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How does a lifetime of marijuana use affect the brain?

Long-term effects of marijuana on the brain.

Study under review: Long-term effects of marijuana on the brain

Introduction

Marijuana use is popular due to the psychoactive effects of gamma-9-tetrahydrocannabinol (THC). It’s known that marijuana has a multitude of effects on the brain, as seen in Figure 1, but understanding the exact effects can be a complicated scientific process.

Figure 1: Brain areas affected by marijuana

Within the brain, there are two major types of cells: neurons and glial cells, pictured in Figure 2. Neurons are the cells that respond to and carry electrical signals, while glial cells provide support and protection to the neurons. Networks of cells form either gray matter or white matter tissue. Gray matter and white matter both are made up of neurons (and glia), but the gray matter is the cell bodies that contain the nucleus and most of the cellular machinery, while the white matter are the thin "telephone lines" between neurons, wrapped in a myelin sheath (which is a structure that is part of a specialized class of glial cells).

Figure 2: Brain terminology

Gray matter is involved in everything the brain does – such as processing and cognition activities, including decision making and self-control. It’s grey due to the lack of myelin, the insulating sheath around the outside of some brain cells. White matter physically connects and coordinates communication between different regions of the brain by carrying electrical impulses from neuron to neuron. The myelin is white in color, which distinguishes it visually from the gray matter.

This particular study investigated several specific regions of the brain, in addition to types of brain tissue. The forceps major and forceps minor are two regions of white matter in the brain. The forceps major connects the occipital lobes within the cerebral cortex and the forceps minor connects the frontal lobes of the cerebral cortex. Within the frontal lobes, there is a region of the brain called the orbitofrontal network. This network is made up of four lobes: the left and right orbitofrontal cortex (OFC) and the left and right temporal lobes. The primary function of this region of the brain is decision-making, specifically the analysis of the possible rewards of a decision. This region of the brain displays high levels of activation during addiction-seeking behaviors like heavy drug use[1]. Specifically for marijuana use, the OFC also has a high concentration of cannabinoid 1 (CB1) receptors, the receptor that binds THC.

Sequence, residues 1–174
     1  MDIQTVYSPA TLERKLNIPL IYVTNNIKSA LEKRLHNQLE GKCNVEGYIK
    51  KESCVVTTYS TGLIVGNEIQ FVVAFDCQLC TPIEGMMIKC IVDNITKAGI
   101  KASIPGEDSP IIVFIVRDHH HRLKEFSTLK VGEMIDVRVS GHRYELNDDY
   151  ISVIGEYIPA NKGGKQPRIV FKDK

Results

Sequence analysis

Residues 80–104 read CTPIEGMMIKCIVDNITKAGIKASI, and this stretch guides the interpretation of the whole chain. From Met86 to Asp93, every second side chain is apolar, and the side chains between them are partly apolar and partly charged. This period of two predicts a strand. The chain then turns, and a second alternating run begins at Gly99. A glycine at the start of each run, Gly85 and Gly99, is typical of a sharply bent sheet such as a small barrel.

Previous studies looking at the effects of marijuana have conflicting results. Some studies showed increases[2] in tissue volumes in certain regions of the brain, others have shown decreases[3] in the same areas of the brain, and still others have shown no effects[4]. This could be due to differences in the study populations, either in regard to the participant characteristics, or in the level of marijuana use. Other potential confounding variables include only investigating a particular age range or duration of marijuana use, the enrollment of subjects who used other substances along with marijuana, or designing the study to only look at a single region of the brain. This study attempted to overcome those limitations by looking at a broad range of participant ages, evaluating a subset of participants who exclusively used marijuana, and using several different types of MRI scans to evaluate a number of factors in the brain globally.

Marijuana affects a variety of brain regions, including a region called the orbitofrontal cortex (OFC) involved in decision-making. Research on marijuana impacts on brain function has had conflicting results.

Who and what was studied?

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The big picture

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Other Articles in Issue #03 (January 2015)